For the first time in eight months, the economy saw a dip in job growth with 140,000 jobs lost in December. All of these jobs, according to an analysis from the National Women's Law Center, belonged to women, emphasizing the disastrous impact the coronavirus pandemic is continuing to have on women in the workforce.
In December, women lost a total of 156,000 jobs, while men gained 16,000 jobs, according to NWLC. Of the net 9.8 million jobs lost since February, women have accounted for 55% of them.
December's jobs report shows a stark difference from where women were just a year ago when, for the first time since 2010, women slightly outnumbered men in the U.S. workforce. Now, according to December's jobs report, women age 20 and over have an overall unemployment rate of 6.3%, which is nearly twice as high as it was around this time last year. Overall men, ages 20 and over, had an unemployment rate of 6.4% in December, with Black men's high unemployment rate of 10.4% contributing to this number.
"We expected that when there was a resurgence of the virus that we would see women losing the jobs they had gained over the last few months," says Emily Martin, NWLC's vice president for education and workplace justice. But, she says, she was still "shocked" to see that "women lost more than 100% of the jobs" in December.
In the leisure and hospitality sector, 498,000 jobs were lost in December, with women accounting for 56.6% of these losses, despite making up 53.1% of the industry's workforce, according to NWLC. In the government sector, 45,000 jobs were lost last month, with women accounting for 91.1% of these losses, despite making up 57.5% of the government's workforce. And while the retail trade sector added 120,500 jobs in December, women accounted for just 44% of those gains, despite making up 48.5% of the industry's workforce.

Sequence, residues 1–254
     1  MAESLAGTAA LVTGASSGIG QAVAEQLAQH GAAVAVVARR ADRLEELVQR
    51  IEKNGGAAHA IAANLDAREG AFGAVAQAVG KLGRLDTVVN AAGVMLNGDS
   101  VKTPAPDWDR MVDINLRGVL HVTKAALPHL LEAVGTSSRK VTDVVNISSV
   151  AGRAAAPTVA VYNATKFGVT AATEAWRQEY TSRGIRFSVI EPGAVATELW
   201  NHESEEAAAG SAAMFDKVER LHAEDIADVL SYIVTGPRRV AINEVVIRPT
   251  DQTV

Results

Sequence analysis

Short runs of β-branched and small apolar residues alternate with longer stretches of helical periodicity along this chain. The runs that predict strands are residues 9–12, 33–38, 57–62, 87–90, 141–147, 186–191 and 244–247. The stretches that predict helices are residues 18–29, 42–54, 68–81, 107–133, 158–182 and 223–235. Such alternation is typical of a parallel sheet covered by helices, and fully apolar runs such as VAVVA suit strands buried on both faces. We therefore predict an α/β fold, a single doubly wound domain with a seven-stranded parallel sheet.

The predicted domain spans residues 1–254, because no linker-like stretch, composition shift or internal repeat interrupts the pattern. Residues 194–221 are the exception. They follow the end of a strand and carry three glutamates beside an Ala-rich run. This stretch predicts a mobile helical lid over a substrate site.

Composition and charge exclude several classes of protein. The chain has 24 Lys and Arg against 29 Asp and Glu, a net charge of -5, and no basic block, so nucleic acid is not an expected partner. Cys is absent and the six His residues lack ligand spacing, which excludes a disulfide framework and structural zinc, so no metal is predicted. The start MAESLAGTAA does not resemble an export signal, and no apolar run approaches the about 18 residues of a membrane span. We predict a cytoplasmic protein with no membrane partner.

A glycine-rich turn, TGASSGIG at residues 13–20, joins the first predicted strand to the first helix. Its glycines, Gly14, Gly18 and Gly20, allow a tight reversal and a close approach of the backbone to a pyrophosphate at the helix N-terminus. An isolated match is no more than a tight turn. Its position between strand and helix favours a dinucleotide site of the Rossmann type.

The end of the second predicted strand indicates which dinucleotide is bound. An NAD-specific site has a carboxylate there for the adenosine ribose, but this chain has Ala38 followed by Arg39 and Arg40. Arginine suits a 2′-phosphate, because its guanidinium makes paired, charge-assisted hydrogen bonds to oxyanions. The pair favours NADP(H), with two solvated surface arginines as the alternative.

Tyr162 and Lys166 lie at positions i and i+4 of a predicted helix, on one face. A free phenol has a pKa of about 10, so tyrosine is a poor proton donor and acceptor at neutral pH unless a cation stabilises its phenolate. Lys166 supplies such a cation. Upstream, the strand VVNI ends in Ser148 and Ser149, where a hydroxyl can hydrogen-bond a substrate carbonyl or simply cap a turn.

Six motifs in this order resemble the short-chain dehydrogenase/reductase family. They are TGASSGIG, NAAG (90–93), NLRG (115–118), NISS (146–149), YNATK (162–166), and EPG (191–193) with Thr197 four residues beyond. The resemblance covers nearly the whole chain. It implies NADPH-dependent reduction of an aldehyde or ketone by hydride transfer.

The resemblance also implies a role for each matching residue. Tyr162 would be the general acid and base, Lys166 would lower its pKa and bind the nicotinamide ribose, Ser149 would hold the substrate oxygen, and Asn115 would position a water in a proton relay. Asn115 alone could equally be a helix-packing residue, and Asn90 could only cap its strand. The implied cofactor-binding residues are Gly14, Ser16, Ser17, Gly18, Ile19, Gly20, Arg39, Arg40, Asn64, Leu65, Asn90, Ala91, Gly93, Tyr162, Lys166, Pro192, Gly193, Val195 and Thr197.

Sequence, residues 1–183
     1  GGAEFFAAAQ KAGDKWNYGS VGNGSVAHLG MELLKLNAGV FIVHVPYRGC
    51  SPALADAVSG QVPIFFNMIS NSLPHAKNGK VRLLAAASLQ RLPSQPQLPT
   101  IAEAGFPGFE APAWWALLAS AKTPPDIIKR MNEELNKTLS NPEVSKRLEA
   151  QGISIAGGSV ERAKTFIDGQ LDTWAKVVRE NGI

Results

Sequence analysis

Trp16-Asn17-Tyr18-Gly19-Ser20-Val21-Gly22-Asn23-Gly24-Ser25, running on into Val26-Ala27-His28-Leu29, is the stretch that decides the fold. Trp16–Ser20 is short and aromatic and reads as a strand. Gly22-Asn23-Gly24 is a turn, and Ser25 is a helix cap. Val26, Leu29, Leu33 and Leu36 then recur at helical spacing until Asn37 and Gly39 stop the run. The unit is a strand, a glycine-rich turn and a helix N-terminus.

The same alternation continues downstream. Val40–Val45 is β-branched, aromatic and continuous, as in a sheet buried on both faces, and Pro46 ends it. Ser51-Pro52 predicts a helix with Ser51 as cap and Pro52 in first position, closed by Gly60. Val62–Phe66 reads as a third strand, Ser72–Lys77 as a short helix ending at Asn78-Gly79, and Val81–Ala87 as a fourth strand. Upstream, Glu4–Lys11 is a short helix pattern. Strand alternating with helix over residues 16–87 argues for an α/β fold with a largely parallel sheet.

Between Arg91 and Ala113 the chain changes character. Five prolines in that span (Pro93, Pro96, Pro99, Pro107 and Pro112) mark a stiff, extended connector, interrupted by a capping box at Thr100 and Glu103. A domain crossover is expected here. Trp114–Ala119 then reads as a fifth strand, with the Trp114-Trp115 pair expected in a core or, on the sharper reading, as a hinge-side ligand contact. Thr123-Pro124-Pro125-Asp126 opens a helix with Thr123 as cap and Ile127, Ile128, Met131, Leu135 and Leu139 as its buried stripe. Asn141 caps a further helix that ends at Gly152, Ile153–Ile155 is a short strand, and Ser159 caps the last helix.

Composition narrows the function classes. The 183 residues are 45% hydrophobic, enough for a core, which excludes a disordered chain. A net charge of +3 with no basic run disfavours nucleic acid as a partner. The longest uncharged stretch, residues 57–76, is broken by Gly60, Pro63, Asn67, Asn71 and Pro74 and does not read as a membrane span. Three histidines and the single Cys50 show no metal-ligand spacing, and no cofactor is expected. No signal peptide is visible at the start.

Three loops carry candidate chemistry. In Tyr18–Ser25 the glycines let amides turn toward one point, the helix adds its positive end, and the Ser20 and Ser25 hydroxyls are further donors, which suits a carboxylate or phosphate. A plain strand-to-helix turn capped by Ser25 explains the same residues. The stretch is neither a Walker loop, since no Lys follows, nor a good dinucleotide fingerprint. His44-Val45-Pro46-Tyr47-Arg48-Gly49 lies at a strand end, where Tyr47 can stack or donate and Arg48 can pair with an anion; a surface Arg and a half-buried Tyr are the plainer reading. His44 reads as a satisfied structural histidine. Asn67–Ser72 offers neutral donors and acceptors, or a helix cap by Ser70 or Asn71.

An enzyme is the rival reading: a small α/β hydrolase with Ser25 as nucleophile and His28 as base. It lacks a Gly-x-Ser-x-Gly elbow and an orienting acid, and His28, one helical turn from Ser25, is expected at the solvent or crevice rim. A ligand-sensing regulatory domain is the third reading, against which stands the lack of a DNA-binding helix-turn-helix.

When broken down by race, Latina and Black women experienced unemployment levels that were higher than women's overall unemployment rate of 6.3%. Last month, 9.1% of Latinas and 8.4% of Black women were unemployed, compared to 5.7% of White women and 5.8% of White men.
"It's devastating," Martin says in regards to the pandemic's impact on working women, "and I'm concerned that it may have devastating effects for months and years to come."
In addition to women accounting for all of the jobs lost last month, Martin adds that "one of the many disturbing numbers" she saw in NWLC's analysis is that nearly 40% of women age 20 and over had been out of work for six months or more in December. For Asian women age 16 and over, this number stood at 44% and for Black women and Latinas this number stood at 40.8% and 38.3%, respectively.
"We know that those long-term spells of unemployment make it hard to find another job and it also means that when you do find another job, your wages are likely to be lower," says Martin. "So the fact that women are getting hit so hard in this recession really threatens to widen the gender wage gap going forward."
Right now, women working full-time in the U.S. are paid just $0.82 for every dollar paid to men, with this gap being even wider for women of color, reports NWLC.
Martin points out that aside from the alarming unemployment numbers we saw in December, last month's jobs report does not account for the millions of women who have been forced to leave the workforce due to ongoing closures of schools and day-care centers. In September alone, more than 860,000 women dropped out of the labor force, according to NWLC. And last fall, one in four women said they were considering downshifting their careers or leaving the workforce due to the pandemic's impact, with mothers three times as likely as fathers to be responsible for the majority of housework and childcare during Covid-19, according to Lean In and McKinsey & Company's "Women in the Workplace" report.
To ensure that women are able to regain their footing in the workplace, Martin says a more robust Covid-19 relief package is needed that includes funding for state and local governments, as that's one sector in which women are overrepresented, as well as funding for paid family leave and paid sick leave beyond this crisis. Additionally, she says if we want to see more working mothers stay in the workforce or re-enter the workforce then there needs to be a bailout for the child care sector.
"The last Covid relief package had about $10 billion for child care," she says. "And it sounds like a big number until you realize that more than $50 billion is needed to ensure that our child-care infrastructure is still there once people are able to go back to work."